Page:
One of France’s best-loved singer-songwriters, Françoise Hardy has passed away at the age of 80, having left her mark as a leading cultural icon of the Swinging Sixties. Hardy’s death was announced by her son, who wrote “Maman est partie…” beneath a picture of himself as a baby with his dearly departed mother, who fought a long battle with laryngeal cancer.

Hardy’s singing career took off in 1962 with her debut LP, which included her breakthrough hit ‘Tous les garçons et les filles’. A year later, Hardy represented Monaco in the 1963 Eurovision Song Contest, finishing in fifth place with ‘L’amour s’en va’.

Hardy’s illustrious career spanned six decades, in which time she released 28 albums in four different languages, modelled for Yves Saint Laurent and Paco Rabanne, and inspired the likes of Mick Jagger and Bob Dylan. A multitalented artist, Hardy also dazzled on the silver screen.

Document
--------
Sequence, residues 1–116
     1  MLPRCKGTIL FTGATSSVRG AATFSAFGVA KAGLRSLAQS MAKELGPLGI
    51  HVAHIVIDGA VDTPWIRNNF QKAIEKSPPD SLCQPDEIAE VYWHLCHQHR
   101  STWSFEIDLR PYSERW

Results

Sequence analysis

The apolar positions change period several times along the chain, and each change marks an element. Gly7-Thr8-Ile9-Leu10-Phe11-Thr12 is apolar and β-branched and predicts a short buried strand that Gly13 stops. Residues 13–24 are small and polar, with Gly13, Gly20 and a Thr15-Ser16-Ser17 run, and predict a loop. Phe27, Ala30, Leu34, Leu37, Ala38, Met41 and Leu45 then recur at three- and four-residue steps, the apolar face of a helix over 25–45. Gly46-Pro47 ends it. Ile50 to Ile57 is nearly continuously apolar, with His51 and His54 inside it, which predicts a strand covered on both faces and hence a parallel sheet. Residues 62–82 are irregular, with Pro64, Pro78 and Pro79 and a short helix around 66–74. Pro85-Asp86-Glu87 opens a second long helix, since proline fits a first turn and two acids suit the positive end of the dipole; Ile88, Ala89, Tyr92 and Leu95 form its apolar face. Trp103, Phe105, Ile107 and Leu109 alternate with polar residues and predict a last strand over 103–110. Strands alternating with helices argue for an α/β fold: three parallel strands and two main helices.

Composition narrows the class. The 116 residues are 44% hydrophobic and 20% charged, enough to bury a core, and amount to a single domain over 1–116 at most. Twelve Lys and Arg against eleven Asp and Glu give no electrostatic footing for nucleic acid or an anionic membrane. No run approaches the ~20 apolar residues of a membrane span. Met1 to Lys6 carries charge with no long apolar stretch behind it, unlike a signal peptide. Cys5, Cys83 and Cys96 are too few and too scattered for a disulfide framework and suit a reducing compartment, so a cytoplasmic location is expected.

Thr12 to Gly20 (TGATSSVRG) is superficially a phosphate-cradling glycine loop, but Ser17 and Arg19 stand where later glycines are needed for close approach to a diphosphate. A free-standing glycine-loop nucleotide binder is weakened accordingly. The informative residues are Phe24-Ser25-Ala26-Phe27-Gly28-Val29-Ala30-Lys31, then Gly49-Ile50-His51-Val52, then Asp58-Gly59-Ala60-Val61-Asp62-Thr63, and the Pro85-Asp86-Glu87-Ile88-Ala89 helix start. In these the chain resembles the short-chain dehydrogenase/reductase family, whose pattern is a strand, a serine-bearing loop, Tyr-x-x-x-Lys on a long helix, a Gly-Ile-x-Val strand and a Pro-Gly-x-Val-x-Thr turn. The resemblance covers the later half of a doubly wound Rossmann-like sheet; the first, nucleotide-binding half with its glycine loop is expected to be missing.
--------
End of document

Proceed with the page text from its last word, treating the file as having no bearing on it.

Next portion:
Sympathies poured in on social networks following the announcement of Hardy’s passing. “How do I say goodbye? The eternal Françoise Hardy, legend of French song, who entered, through her sensitivity and her melodies, into the heart of an entire country,” French culture minister Rachida Dati wrote on X, adding that “I send my warmest thoughts to her son Thomas Dutronc, his family and those close to him.”

Featured image: Françoise Hardy captured in Amsterdam by Joost Evers in 1969